So you have a span of activity which is an important context for
this, I think, which is the run-of-the-mill sort of complaints
you get from punters of any system or programme that you have;
you have a proportion that is just over a quarter of those complaints
that essentially are about non-compliance with the system, misuse
of the system, and then you have a very small extreme end where
you have serious allegations of fraud. This of course is all a
description of the position before the end of last week. We simply
were not able to control the activities, conduct the investigations,
protect the proper use of public funds and the interests of individual
learning account holders, by working within the system we had
set up. It was a regrettable conclusion we came to. We tried the
measures that we thought we could take during the course of the
summer and early autumn. We came therefore to the conclusion that
we had no other alternative than actually to withdraw the programme,
which is what we announced on October 24.
Mr Baron: I am conscious that time is ticking
on, but perhaps I can ask a question about, that very quickly,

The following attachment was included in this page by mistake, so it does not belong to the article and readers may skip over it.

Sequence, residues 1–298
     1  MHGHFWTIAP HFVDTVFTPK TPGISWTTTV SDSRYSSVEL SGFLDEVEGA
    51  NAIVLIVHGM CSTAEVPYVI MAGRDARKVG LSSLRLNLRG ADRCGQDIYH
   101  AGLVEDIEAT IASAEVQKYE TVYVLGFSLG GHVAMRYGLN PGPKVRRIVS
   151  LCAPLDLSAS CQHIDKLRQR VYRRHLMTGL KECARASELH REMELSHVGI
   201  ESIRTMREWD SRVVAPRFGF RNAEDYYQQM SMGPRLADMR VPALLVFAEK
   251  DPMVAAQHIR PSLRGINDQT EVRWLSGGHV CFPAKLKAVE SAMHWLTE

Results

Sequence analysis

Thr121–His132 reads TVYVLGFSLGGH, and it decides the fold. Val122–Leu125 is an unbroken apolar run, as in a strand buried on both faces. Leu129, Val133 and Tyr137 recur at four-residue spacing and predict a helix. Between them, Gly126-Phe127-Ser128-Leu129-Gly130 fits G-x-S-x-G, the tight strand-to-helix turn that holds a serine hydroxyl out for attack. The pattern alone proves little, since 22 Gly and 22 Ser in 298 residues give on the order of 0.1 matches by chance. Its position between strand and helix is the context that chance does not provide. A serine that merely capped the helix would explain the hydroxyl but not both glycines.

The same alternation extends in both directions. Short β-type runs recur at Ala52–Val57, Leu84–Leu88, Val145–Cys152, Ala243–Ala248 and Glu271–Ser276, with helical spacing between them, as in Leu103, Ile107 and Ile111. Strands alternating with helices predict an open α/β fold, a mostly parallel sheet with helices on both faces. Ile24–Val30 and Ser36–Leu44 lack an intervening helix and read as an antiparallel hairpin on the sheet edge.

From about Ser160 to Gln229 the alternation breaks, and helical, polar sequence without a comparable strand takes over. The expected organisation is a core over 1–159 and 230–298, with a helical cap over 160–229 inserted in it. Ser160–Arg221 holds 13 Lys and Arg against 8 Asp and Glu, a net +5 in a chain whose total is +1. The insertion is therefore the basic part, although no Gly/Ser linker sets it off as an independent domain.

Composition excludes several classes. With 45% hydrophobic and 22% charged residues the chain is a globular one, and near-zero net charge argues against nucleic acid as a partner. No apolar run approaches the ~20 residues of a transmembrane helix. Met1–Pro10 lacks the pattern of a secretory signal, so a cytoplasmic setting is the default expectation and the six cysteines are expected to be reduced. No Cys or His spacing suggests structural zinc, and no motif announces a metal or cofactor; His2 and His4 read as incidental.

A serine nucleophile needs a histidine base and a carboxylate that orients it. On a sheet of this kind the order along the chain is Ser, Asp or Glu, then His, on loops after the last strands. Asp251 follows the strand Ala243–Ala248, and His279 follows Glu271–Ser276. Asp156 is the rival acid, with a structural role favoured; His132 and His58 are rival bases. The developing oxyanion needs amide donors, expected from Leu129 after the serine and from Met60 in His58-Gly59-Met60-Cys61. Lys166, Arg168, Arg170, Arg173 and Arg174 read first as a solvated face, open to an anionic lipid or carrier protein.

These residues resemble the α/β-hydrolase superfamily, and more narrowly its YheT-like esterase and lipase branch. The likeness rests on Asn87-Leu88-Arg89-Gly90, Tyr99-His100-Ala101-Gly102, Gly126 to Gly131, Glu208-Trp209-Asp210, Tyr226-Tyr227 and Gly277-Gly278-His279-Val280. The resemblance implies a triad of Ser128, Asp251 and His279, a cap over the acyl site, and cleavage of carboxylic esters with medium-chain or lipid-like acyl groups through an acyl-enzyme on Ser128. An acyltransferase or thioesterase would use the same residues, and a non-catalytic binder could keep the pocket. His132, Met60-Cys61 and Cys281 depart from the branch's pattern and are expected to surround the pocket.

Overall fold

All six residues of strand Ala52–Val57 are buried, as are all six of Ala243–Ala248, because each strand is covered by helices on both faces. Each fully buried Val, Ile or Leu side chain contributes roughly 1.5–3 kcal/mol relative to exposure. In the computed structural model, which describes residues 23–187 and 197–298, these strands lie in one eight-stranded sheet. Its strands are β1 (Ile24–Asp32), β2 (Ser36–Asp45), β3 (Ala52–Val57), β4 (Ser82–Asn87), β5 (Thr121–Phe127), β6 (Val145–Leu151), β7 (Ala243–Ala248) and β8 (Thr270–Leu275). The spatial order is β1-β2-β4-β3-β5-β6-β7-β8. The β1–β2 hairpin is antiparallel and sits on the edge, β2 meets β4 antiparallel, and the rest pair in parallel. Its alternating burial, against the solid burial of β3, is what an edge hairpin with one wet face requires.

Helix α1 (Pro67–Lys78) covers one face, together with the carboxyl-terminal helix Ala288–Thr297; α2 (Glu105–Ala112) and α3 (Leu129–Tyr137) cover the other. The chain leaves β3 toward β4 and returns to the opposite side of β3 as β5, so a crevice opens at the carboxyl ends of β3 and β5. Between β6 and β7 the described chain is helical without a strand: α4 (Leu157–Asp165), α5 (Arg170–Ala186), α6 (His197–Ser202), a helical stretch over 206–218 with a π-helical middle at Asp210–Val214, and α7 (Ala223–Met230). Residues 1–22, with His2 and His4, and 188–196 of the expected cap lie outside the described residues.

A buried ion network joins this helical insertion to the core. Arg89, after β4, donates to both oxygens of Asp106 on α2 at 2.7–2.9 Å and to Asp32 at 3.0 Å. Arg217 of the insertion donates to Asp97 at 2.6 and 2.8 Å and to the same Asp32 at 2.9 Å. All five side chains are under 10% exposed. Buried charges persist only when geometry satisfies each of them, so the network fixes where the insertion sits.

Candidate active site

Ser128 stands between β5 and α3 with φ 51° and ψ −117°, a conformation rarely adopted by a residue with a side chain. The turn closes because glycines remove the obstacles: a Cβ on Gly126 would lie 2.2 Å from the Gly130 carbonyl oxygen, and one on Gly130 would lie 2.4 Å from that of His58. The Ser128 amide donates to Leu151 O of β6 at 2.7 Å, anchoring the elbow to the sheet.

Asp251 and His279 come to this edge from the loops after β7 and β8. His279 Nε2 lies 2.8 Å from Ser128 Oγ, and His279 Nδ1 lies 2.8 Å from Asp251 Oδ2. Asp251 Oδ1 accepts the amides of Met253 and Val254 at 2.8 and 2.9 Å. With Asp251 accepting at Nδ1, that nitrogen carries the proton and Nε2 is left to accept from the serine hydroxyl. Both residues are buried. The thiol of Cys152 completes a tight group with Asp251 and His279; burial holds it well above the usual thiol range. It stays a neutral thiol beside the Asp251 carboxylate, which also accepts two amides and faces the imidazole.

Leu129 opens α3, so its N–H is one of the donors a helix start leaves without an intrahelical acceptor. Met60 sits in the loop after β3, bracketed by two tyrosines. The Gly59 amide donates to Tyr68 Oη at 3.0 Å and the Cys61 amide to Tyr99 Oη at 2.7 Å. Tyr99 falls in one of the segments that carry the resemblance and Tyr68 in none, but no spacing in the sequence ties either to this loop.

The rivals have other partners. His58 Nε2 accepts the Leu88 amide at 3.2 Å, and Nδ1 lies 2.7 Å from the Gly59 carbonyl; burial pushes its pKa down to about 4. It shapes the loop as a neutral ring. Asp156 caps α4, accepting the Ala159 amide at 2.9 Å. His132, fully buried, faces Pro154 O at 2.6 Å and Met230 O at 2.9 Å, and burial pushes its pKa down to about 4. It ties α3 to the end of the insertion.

Minister. As you were providing a lot of finance for all this,
why could you not have sent a simple letter explaining to those
providers that you had a serious doubt about that you were withholding
finance until you had time to undertake a further investigation?
That would have allowed the vast majority of providers who were
obviously doing a good job to carry on and not cause the maximum
disruption that this has caused. You had the power to do that,
because you were not implying guilt, you were providing the finance,
you had the power to say, "We're going to cut off finance
for the time being until, in your best interest," you could
have worded the letter, "these allegations are resolved."
376. Could you come back briefly on that?
(John Healey) Yes. Those were precisely the preliminary
stepsan inquiry, investigationthat we took with
providers that we were concerned about during the course of this
summer. It did not allow us to close down their operations sufficiently
within the way the system operates. We did precisely that, and
it proved to be not strong enough action to allow us to control
377. Even though you were supplying the money?
(John Healey) Yes.
378. Minister, had there been no allegations
of fraud, would you have suspended the scheme?
(John Healey) No, we would not have taken the decision
to withdraw the scheme if we had not had the increasing concerns
and increasing evidence of activity that was frankly a misuse
of the system and an improper use of public funds.
379. There were 10,000 complaints the overwhelming
majority of which were nothing to do with fraud?
(John Healey) Yes.
4 Ev. p. 98. Back